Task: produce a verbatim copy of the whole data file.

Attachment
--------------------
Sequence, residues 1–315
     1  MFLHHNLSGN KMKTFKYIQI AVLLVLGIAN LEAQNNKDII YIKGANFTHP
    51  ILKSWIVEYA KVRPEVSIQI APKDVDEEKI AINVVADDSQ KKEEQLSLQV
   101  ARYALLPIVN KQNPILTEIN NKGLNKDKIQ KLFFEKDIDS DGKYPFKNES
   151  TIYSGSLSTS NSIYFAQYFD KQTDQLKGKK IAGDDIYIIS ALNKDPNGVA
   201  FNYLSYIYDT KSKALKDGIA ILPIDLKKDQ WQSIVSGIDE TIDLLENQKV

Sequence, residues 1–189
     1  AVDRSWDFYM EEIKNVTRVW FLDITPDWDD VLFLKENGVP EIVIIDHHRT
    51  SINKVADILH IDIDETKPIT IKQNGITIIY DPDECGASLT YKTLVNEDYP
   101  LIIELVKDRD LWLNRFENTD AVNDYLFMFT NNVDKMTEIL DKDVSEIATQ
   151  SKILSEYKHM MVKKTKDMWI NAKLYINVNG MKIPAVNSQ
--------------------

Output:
Sequence, residues 1–315
     1  MFLHHNLSGN KMKTFKYIQI AVLLVLGIAN LEAQNNKDII YIKGANFTHP
    51  ILKSWIVEYA KVRPEVSIQI APKDVDEEKI AINVVADDSQ KKEEQLSLQV
   101  ARYALLPIVN KQNPILTEIN NKGLNKDKIQ KLFFEKDIDS DGKYPFKNES
   151  TIYSGSLSTS NSIYFAQYFD KQTDQLKGKK IAGDDIYIIS ALNKDPNGVA
   201  FNYLSYIYDT KSKALKDGIA ILPIDLKKDQ WQSIVSGIDE TIDLLENQKV

Sequence, residues 1–189
     1  AVDRSWDFYM EEIKNVTRVW FLDITPDWDD VLFLKENGVP EIVIIDHHRT
    51  SINKVADILH IDIDETKPIT IKQNGITIIY DPDECGASLT YKTLVNEDYP
   101  LIIELVKDRD LWLNRFENTD AVNDYLFMFT NNVDKMTEIL DKDVSEIATQ
   151  SKILSEYKHM MVKKTKDMWI NAKLYINVNG MKIPAVNSQ